Recording discrepancies and irregularities are some of the allegations behind recent panel hearings – plus one case of a pharmacist carrying on business without a licence
There have been four panel hearings held in the first quarter of 2018 into allegations that licensees had failed to meet their responsibilities to comply with pharmacy regulations, according to the Victorian Pharmacy Authority.
In one case, a pharmacist was reprimanded for carrying on a pharmacy business without having been granted a licence.
The owner had lodged the appropriate application but had both failed to submit the required notification and pay the associated licence fee at the time of settlement of purchase of the pharmacy.
In another case, a licensee was cautioned after an inspection revealed “multiple irregularities” in the recording of transactions of Schedule 8 poisons.
For example, aggregated daily records were kept for methadone but the volume used daily was not transferred to the register as required under the Drugs, Poisons and Controlled Substances Regulations 2017.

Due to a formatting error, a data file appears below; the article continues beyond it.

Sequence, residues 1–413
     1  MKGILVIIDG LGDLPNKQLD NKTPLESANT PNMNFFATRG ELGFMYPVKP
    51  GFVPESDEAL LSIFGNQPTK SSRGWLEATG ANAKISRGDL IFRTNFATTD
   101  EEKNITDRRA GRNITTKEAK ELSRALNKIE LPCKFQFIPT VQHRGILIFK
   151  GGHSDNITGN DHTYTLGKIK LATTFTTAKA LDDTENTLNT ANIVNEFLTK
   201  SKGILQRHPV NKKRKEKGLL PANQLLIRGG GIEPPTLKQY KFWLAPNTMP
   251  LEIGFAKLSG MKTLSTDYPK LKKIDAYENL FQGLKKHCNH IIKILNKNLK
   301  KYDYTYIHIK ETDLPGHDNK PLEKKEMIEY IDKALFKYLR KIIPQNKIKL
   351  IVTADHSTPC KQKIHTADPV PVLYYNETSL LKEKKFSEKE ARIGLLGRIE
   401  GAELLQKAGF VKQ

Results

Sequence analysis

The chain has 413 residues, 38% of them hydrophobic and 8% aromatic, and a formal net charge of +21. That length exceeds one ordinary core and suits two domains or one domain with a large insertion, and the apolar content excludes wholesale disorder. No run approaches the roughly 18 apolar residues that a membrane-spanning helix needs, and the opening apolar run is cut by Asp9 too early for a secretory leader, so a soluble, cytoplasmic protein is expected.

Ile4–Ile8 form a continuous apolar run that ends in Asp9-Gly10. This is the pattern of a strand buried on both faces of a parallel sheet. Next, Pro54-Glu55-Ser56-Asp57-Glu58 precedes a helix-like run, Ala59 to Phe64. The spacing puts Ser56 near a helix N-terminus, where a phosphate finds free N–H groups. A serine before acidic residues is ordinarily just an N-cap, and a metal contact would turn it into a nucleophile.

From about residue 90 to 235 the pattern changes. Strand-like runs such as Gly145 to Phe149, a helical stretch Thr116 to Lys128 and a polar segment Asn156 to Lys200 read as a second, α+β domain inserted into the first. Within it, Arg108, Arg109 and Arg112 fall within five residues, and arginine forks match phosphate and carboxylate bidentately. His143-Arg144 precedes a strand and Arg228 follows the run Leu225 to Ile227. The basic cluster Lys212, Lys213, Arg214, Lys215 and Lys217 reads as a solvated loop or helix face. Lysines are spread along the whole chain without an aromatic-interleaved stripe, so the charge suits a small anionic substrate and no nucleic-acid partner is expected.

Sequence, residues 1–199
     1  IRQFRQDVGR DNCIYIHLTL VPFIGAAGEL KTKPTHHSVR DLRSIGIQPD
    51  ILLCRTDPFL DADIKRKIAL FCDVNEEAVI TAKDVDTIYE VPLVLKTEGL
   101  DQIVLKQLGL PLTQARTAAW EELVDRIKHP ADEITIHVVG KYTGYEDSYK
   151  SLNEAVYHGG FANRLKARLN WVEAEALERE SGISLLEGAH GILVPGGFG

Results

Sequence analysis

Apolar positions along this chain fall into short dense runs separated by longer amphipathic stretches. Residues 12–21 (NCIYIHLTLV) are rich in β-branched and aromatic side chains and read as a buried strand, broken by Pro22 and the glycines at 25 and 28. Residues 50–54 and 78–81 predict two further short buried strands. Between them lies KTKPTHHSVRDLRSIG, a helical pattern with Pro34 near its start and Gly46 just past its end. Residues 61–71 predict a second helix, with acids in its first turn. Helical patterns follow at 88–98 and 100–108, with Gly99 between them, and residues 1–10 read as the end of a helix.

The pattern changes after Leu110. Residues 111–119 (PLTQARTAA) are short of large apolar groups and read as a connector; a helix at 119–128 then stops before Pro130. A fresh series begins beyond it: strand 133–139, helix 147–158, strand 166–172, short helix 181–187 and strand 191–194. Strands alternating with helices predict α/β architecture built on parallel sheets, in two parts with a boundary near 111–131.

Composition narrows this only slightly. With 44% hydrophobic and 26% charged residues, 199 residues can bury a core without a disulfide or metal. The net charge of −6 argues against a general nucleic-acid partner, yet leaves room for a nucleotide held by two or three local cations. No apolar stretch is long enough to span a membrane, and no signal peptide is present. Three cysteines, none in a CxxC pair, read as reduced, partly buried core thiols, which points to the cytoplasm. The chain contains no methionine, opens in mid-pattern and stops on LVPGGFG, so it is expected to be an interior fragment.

A third panel hearing found a pharmacy had not been recording transactions properly.
“Of 70 Schedule 8 poisons, in only one instance did the records agree with the quantity present,” the panel found.
It also found current prescriptions were not readily accessible at this pharmacy, and neither a procedure manual nor completed certifications were available.
The initials of the pharmacist responsible for filling or checking the contents of dose administration containers were also not included in the records.
The proprietor was reprimanded and imposed with a condition requiring the licensee to carry out quarter self-audits of the pharmacy, with the premises to be reinspected at the licensee’s cost.
In a fourth case, a licensee was called to a panel hearing due to allegations of unsatisfactory accounting for transactions in S8 poisons.
S3 poisons were also found to have been stored in a manner that promoted or drew undue attention to them, and codeine-containing medicines were not displayed in accordance with the Authority’s guidelines.
In addition, barcode scanning was not routinely undertaken and there was no procedure to monitor temperatures in the drug refrigerator.
The Authority referred the matter to both the Pharmacy Board of the Australia and the Department of Health, and directed a reinspection at the licensee’s cost.